“Indian students are certainly filling the gap [left by Chinese students] and are pursuing graduate education leading to top positions in the tech industry and STEM-related jobs. This is not only happening in the US but in other countries as well,” Moja wrote in her reply to the Post.
It is a similar story across the pond. In Britain, the latest data, released in November last year, also showed that India had overtaken China as the main recipient of student visas for the first three quarters of 2022.
Students of Chinese origin have made significant contributions in many Western countries, especially the US. Boeing’s first aeronautical engineer Wong Tsu, for instance, was an MIT graduate born in Beijing.
How this change in the talent pool will affect America’s global competence remains unclear.
While there are similarities between students from India and China, such as work ethic, there are also differences. A popular view is that people from India are well-suited to leadership roles, while those from China are good at problem-solving. Though a few scientific studies appear to support the theory, many researchers have cautioned that the results should not be over-interpreted.
In a 2017 article published in the peer-reviewed journal Neuroscience Letters, a group of scientists, mainly from the Suzhou Institute of Biomedical Engineering and Technology under the Chinese Academy of Sciences (CAS), examined ethnic differences in cerebral morphometry between Chinese and Indian undergraduate student volunteers.
A total of 36 Chinese and 32 Indian students at Soochow University in Suzhou, Jiangsu province, who were all within the same age range, had MRI scans done of their brains, looking at grey matter volume, cortical thickness and cortical surface area.
The purpose of the study was not to evaluate which group was smarter, according to the researchers. The mainstream scientific community has strongly opposed using brain scan as an IQ measurement. Brain structure varies from one person to another. It does not have any implication for racial or cultural superiority.
Researchers found that in 14 measurements, Chinese students scored differently from their Indian counterparts, such as grey matter volume in the left superior frontal gyrus which is related to working memory.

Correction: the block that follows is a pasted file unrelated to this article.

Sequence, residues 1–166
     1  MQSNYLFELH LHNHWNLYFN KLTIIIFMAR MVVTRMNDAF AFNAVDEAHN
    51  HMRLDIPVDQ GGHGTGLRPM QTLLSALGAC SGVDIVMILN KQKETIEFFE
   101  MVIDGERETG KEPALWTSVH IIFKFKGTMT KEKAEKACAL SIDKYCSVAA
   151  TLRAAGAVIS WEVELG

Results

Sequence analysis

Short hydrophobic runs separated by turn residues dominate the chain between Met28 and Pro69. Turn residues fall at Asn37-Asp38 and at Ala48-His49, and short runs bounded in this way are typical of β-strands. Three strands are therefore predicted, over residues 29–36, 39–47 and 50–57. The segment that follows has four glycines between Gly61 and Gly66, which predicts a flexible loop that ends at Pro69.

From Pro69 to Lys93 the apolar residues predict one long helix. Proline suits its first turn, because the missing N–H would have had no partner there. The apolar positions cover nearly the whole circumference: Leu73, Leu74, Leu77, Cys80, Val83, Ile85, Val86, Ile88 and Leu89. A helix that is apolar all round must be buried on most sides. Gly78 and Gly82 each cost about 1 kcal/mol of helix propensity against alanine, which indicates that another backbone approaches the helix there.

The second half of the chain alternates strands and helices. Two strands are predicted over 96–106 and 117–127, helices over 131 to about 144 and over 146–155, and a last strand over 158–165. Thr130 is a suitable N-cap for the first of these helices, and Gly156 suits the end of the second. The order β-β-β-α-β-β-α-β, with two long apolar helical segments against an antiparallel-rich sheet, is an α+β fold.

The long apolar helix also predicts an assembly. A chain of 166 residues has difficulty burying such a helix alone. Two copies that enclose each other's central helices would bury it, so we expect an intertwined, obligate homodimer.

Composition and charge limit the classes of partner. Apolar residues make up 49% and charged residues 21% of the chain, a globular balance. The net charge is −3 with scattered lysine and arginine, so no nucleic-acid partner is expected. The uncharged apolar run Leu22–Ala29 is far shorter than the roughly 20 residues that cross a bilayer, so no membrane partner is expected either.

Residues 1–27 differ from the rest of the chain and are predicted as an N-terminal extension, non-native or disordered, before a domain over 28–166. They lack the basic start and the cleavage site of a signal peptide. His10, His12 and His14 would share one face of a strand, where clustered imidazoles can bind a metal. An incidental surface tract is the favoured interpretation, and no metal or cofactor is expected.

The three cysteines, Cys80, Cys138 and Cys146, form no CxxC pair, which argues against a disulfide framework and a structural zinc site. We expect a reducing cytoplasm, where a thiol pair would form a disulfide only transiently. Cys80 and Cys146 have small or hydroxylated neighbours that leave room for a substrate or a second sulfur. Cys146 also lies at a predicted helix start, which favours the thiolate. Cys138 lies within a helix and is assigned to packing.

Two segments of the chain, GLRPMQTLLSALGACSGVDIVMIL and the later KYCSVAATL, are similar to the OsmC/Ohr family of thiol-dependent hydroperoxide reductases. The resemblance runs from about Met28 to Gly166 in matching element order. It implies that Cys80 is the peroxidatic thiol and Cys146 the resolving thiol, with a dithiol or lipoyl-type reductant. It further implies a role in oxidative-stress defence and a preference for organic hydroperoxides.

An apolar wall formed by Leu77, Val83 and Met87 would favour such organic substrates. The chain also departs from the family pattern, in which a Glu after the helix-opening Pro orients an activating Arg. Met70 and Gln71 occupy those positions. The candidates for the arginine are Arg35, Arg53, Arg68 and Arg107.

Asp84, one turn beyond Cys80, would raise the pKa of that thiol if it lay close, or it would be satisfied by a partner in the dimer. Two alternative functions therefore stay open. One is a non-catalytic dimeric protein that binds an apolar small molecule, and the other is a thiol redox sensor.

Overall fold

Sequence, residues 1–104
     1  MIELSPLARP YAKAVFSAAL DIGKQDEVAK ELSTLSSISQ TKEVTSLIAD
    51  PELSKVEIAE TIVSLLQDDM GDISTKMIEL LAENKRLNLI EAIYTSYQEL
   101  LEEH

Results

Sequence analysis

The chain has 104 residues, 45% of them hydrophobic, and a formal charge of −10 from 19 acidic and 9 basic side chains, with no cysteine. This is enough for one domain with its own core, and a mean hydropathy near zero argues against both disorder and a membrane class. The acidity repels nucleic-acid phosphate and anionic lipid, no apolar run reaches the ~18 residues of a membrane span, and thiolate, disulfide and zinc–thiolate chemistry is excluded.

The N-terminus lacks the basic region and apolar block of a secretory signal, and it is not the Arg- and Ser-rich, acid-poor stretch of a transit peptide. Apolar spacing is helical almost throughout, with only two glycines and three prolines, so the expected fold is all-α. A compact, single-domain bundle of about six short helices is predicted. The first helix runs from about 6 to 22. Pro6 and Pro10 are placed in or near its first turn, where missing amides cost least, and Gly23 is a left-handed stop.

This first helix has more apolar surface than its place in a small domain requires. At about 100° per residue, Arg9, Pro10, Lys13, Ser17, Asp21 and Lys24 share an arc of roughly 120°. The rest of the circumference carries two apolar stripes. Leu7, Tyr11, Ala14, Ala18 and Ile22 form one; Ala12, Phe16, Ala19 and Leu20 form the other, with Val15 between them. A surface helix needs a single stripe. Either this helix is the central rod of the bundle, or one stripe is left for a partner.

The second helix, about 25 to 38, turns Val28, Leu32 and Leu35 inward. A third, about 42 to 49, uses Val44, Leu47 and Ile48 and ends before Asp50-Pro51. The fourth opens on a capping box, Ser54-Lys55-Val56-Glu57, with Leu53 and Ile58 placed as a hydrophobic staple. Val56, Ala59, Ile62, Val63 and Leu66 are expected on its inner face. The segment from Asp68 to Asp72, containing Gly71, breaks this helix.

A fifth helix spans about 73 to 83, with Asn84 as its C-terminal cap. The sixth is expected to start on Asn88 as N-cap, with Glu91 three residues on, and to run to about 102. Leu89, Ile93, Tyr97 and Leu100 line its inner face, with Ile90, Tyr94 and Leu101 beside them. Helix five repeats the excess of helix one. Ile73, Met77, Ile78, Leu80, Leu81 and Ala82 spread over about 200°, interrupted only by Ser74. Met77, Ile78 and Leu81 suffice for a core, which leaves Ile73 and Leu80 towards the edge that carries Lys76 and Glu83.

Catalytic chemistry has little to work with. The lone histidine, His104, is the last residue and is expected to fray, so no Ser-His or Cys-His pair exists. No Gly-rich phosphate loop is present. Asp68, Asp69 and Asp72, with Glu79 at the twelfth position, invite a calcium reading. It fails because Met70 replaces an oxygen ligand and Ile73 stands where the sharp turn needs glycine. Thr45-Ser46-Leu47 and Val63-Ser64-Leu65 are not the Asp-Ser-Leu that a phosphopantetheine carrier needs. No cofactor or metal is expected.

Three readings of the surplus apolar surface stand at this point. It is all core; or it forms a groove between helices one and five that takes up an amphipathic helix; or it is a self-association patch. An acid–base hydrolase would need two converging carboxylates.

The results also showed the Indian students were higher in three measurements, including grey matter volume in the right orbito-frontal cortex which contributes to decision-making, and the right inferior frontal gyrus which has been associated with attention, imagery, social cognitive processes and speech functions.
“The brain structures are affected by many factors, such as customs, lifestyle, literature and art, and value system. Different historical geographical environments form different cultural atmospheres, which lead to differences in populations,” the researchers noted.
More recent studies in other countries supported the findings.
In 2019, a group of researchers from several countries including India and Canada published a study in the journal Neuroscience India which claimed that there was a significant difference in the shape and size of the brain between different ethnicities, including Indian and Chinese.
But one scientist from CAS, who requested anonymity due to the sensitivity of the issue, told the Post that the conclusions of such studies “should be treated very cautiously”.
Certainly, there are differences in genomes between groups living geographically far away, and these differences should be reflected in brain structure, he explained, but such studies should involve a very large sample size, and interpreting the results ought to be done carefully to avoid racial discrimination.
Another academic in the same field, who also requested anonymity, pointed out that the Suzhou study was under-representative, and a larger sample size would be needed to give credibility to the study.
Since China’s reform and opening up in 1978 until the end of 2021, around 8 million students have studied abroad, according to China’s Education Ministry.